2017-0717561E5 specified small business corporation

Please note that the following document, although believed to be correct at the time of issue, may not represent the current position of the CRA. Prenez note que ce document, bien qu'exact au moment émis, peut ne pas représenter la position actuelle de l'ARC.

Principal Issues: Whether a particular corporation would be considered to be a “specified small business corporation” as defined in subsection 4901(2) of the Income Tax Regulations (“Regulations”) such that its shares would be qualified investments for an RRSP in accordance with subparagraph 4900(14)(a)(i) of the Regulations?

Position: Question of fact. General views provided to assist in determination.

Reasons: Question of fact.

Author: Doiron, Wayne

Section: 248(1) "active business", Reg 4901(2), Reg 4900(14), Reg 4900(15)

XXXXXXXXXX                                                                                             2017-071756
                                                                                                                     W. Doiron
January 25, 2018

Dear XXXXXXXXXX:

Re: RRSP investment in specified small business corporation

This is in reply to your email of August 4, 2017 regarding the small business investment rules for registered retirement savings plans (“RRSPs”). Specifically, you inquire whether a particular corporation would be considered to be a “specified small business corporation” as defined in subsection 4901(2) of the Income Tax Regulations (“Regulations”) such that its shares would be qualified investments for an RRSP in accordance with subparagraph 4900(14)(a)(i) of the Regulations.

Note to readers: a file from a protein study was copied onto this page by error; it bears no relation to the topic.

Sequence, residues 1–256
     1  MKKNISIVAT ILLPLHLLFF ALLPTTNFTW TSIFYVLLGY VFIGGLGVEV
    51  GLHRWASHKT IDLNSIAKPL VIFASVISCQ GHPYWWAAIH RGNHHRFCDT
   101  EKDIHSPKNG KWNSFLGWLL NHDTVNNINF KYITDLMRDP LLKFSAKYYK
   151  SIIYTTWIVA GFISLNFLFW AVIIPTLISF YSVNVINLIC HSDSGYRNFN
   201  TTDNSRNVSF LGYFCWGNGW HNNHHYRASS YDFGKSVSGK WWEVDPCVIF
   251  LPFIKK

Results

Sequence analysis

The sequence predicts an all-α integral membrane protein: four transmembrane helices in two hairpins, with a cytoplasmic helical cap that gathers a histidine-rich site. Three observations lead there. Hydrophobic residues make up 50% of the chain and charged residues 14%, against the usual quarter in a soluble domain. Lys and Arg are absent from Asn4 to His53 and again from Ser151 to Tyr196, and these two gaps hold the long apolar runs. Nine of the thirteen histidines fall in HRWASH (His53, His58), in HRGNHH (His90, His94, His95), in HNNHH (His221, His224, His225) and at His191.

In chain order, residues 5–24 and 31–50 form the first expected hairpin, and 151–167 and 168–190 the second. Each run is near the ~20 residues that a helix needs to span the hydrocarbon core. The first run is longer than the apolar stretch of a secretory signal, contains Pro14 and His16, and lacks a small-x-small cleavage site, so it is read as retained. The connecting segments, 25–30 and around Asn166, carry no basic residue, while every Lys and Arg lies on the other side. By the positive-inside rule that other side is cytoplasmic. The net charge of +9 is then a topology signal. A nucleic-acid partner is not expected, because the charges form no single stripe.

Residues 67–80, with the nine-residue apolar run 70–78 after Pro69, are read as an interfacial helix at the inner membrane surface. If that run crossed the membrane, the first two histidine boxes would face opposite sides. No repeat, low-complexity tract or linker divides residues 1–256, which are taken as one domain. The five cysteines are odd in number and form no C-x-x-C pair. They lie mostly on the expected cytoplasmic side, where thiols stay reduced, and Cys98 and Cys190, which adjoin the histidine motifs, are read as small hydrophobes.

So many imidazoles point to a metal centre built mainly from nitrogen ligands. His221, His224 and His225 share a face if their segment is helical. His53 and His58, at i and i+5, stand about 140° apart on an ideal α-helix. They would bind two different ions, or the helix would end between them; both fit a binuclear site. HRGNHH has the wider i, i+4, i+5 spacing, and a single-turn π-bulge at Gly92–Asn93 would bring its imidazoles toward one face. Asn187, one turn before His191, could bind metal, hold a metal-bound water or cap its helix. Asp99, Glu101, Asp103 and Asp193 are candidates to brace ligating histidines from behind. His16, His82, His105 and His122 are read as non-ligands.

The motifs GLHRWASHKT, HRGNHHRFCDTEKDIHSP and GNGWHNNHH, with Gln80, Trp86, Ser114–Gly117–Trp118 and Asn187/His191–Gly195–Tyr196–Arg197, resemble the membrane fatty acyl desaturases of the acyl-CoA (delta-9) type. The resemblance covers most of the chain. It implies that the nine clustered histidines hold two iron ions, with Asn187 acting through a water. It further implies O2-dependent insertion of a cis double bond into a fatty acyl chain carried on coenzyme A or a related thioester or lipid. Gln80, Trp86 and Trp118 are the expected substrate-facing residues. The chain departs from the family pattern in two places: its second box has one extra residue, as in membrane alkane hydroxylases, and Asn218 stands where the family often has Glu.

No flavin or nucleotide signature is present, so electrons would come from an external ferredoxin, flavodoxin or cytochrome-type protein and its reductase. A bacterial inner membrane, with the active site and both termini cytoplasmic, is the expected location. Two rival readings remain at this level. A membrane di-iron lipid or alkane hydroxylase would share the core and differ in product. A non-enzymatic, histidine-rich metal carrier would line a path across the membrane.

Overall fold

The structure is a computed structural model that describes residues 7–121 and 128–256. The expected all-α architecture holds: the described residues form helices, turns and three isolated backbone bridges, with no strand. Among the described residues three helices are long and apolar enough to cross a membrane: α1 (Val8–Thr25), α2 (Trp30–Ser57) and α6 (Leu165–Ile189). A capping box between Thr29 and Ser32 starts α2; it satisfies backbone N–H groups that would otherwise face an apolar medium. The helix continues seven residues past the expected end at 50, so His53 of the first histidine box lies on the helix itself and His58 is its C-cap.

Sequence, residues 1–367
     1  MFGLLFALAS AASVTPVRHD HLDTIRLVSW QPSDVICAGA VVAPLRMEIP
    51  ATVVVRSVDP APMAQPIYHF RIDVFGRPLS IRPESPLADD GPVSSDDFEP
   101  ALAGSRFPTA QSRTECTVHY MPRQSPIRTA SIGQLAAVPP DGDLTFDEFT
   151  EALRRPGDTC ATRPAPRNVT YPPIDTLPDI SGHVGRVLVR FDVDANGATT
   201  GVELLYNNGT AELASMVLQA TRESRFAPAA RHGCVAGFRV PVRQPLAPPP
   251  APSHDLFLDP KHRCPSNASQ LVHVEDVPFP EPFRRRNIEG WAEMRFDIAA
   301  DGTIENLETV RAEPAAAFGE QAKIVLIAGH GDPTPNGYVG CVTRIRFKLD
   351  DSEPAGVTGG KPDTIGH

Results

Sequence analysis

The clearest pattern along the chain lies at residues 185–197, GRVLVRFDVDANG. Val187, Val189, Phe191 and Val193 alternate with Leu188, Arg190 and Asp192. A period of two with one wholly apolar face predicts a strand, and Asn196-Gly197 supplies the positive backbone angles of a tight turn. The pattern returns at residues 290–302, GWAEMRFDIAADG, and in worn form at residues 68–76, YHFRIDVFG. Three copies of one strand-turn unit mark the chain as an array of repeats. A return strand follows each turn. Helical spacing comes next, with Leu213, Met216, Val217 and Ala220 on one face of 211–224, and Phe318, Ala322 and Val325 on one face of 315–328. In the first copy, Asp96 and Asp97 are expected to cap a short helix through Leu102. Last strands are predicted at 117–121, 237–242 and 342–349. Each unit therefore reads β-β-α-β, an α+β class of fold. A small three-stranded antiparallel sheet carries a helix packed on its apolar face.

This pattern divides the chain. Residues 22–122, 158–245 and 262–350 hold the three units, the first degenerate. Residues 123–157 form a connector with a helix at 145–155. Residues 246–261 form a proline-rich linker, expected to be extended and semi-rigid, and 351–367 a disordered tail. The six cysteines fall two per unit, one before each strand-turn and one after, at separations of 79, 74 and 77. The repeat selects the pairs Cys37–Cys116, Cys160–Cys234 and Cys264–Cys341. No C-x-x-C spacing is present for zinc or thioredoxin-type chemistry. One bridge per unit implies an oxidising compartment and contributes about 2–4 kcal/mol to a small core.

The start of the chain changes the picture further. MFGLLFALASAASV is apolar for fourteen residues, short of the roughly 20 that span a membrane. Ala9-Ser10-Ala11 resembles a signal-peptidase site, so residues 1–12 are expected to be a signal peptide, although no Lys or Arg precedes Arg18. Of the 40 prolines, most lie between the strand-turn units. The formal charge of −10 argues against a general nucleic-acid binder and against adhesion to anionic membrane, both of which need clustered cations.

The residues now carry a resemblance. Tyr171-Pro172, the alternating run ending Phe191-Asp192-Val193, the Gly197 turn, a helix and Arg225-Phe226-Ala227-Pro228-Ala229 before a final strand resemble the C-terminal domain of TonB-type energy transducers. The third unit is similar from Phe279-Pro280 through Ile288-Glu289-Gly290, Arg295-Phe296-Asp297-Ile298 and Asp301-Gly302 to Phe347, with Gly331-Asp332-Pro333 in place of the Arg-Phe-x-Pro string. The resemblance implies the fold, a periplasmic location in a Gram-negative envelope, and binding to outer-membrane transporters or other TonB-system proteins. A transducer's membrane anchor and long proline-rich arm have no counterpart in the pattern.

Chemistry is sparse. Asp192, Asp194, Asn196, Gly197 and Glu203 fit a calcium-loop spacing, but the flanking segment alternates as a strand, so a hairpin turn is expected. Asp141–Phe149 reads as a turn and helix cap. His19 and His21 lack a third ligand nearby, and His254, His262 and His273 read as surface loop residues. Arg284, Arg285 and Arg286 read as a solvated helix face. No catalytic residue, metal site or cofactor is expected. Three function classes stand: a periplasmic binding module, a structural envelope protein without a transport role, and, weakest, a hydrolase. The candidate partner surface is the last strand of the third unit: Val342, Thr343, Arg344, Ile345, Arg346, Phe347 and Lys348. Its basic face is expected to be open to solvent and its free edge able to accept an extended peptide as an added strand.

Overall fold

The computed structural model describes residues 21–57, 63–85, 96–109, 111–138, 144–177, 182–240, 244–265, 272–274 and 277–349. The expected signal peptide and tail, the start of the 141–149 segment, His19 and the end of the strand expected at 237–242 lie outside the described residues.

You note that the corporation is in its start-up phase and is in the process of raising the necessary funds to finance the future construction of its business facilities. While the corporation has used a portion of the funds raised to date to cover specific business expenses, you are concerned that the remainder of those funds which are held by the corporation as cash may not be considered to be used principally in an active business. If so, the corporation would not meet one of the conditions to be a specified small business corporation and therefore would be unable to raise funds from RRSPs.

Our comments

This technical interpretation provides general comments about the provisions of the Income Tax Act (the “Act”) and related legislation (where referenced).  It does not confirm the income tax treatment of a particular situation involving a specific taxpayer but is intended to assist you in making that determination.  The income tax treatment of particular transactions proposed by a specific taxpayer will only be confirmed by this Directorate in the context of an advance income tax ruling request submitted in the manner set out in Information Circular IC 70-6R7, Advance Income Tax Rulings and Technical Interpretations.

As explained in ¶1.57 of Income Tax Folio S3-F10-C1, Qualified Investments - RRSPs, RESPs, RRIFs, RDSPs and TFSAs, a “specified small business corporation” is a Canadian corporation (as defined in subsection 89(1) of the Act but not including a corporation controlled, directly or indirectly in any manner whatever, by one or more non-resident persons) all or substantially all of the fair market value of the assets of which is attributable to assets that are:

*     used principally in an active business carried on primarily in Canada by the corporation or by a corporation related to it;

*     shares or debt of connected small business corporations; or

*     a combination of the above two.